Face2Face with Vienna Teng
Software engineer turned singer-songwriter finds life
to be a big storyline
By Joe Nguyen and James Dann
Sept. 14, 2007
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Vienna Teng is living a novel.
At least that's what the 28-year-old, California-born
“My life has definitely followed this strange plotline,”
she said. “Like I won't say that everything has
worked magically or according to plan, but there definitely
seems to be a plot to it.”
Whatever you want
As a student at Stanford University, Teng – whose
real name is Cynthia Shih – began writing music.
After graduating with a computer science degree in 2000,
she started a job as a software engineer for Cisco Systems.
But after two years, she left the position to pursue a
career in music. She said she sees her friends in the
industry who have gotten married and started families,
and there are points when she thinks about where she would
be if she didn't make a change.
“The joke is they've progressed from the milk crate
to the Ikea to the Pottery Barn phase of life,”
she said. “ ... There are moments when I think that's
the life I could have had.”
She said her family was both hesistant and supportive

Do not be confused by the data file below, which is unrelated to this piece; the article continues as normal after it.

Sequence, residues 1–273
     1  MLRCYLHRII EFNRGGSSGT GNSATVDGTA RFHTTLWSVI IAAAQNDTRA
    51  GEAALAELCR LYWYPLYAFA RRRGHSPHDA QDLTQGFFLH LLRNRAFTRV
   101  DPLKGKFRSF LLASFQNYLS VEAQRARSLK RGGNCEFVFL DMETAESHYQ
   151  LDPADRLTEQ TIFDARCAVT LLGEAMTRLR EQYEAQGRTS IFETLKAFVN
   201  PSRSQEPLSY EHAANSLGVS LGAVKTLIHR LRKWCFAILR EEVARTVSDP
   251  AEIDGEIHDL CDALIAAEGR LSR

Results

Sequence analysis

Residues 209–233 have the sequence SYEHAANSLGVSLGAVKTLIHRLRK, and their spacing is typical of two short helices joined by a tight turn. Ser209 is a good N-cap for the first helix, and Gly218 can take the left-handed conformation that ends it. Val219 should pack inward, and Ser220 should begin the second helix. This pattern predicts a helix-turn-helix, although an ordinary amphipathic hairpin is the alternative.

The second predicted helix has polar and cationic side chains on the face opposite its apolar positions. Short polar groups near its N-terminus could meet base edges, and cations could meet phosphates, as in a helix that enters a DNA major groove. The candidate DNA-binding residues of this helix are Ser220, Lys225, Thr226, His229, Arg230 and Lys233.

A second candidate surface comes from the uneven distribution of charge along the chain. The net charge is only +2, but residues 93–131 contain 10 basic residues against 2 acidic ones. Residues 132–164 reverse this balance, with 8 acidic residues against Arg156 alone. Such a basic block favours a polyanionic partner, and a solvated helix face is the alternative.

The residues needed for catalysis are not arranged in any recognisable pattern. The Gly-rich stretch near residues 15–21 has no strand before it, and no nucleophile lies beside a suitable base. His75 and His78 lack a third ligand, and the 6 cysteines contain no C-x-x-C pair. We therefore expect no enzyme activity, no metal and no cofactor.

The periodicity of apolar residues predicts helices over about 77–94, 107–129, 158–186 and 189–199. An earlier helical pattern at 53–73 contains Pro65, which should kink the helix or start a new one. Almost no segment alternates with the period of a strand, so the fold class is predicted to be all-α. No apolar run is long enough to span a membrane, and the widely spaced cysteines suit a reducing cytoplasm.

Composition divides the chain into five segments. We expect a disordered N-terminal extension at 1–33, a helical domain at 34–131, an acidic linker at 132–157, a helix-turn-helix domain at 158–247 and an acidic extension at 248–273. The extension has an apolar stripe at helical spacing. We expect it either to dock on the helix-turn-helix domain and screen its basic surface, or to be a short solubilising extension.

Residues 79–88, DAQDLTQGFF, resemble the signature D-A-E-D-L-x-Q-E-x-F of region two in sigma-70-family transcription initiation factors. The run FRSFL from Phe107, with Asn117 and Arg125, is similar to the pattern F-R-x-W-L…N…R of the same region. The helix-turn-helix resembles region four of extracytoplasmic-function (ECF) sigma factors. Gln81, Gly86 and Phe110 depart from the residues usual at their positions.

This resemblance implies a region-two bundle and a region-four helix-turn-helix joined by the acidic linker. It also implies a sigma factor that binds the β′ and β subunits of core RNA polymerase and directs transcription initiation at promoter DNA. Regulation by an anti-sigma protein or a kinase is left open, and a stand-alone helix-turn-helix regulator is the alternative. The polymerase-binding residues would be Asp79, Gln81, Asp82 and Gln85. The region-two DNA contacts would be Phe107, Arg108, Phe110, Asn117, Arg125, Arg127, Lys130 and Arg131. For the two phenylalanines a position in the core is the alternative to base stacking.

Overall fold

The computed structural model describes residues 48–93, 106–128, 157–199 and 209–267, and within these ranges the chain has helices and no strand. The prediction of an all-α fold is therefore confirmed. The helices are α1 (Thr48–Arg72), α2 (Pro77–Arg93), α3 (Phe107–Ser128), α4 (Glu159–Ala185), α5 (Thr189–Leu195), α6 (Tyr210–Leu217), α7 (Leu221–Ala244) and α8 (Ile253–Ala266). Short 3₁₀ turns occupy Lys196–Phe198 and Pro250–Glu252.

when she told them about her shift in career paths.
“(My parents) didn't have any of the usual stereotypical
objections,” she said. “My mom and my dad
sort of had different reservations for it.”
Teng said her mother was concerned about the ulterior
motives that exist within the music business, and asked
her if there was another way to follow her passions without
completely immersing herself into the world.
“My mom said that the music business can be a place
that sort of is motivated by the wrong intentions,”
she said. “ ... She was really worried about what
a life would be like in that environment.”
Her father knew that she had many interests growing up,
Teng said. His concern was about the difficult path she
“His real question is, 'If you have so many different
interests and so many passions, why would you choose the
hardest thing to make a living at?'” she said.
Since devoting herself to music full time, Teng has released
three albums and toured around the world. However, she
said she has a hard time whenever she comes out to Colorado.
“I have to confess, Colorado and I have a difficult
relationship because of the altitude,” she laughed.
“Whenever I arrive here, I get a headache and I
feel really dehydrated and tired.”
What she feels and how she sounds are two different things.
Teng's lucid vocals carry well as her fans respond by
packing shows in Colorado. In her last trip, her Denver
show was sold out while the Boulder venue filled to capacity.
Since she began playing with a band, she said she enjoys
being able to concentrate on specific parts of the arrangement.
“It's nice to focus on listening to other people
and to focus on singing,” she said. “And pianowise
to sort of contribute to the overall arrangement of things.”